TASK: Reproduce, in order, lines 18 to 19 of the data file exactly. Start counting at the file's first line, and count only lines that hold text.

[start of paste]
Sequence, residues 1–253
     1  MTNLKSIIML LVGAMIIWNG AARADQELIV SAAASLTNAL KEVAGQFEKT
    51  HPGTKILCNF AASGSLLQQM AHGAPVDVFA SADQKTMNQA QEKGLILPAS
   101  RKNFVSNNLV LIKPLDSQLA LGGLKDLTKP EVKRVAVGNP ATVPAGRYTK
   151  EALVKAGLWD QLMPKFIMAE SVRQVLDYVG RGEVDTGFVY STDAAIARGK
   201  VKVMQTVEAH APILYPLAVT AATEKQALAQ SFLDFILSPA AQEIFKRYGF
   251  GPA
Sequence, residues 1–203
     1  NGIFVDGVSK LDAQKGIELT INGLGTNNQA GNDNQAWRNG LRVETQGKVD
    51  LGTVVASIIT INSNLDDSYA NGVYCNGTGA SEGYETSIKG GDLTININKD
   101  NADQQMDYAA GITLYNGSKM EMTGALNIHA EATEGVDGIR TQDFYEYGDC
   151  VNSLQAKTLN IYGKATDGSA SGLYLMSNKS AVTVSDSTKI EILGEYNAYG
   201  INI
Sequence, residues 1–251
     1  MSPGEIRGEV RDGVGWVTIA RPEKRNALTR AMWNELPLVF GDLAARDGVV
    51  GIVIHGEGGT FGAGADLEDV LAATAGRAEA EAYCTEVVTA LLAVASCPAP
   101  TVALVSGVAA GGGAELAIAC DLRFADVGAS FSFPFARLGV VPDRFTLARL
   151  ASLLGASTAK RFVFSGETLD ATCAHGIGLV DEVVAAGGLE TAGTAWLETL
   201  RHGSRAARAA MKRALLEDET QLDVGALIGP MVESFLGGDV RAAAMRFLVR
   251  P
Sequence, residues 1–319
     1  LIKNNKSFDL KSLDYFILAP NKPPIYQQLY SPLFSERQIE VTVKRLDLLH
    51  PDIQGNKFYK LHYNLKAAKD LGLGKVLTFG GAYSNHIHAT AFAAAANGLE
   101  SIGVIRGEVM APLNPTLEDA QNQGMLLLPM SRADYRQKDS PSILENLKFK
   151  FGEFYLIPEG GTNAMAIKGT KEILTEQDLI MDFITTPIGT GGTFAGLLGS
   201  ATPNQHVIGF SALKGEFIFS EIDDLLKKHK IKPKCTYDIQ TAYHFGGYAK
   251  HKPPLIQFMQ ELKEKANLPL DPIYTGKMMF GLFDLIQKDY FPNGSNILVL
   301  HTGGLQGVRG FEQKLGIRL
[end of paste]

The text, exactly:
   151  ASLLGASTAK RFVFSGETLD ATCAHGIGLV DEVVAAGGLE TAGTAWLETL
   201  RHGSRAARAA MKRALLEDET QLDVGALIGP MVESFLGGDV RAAAMRFLVR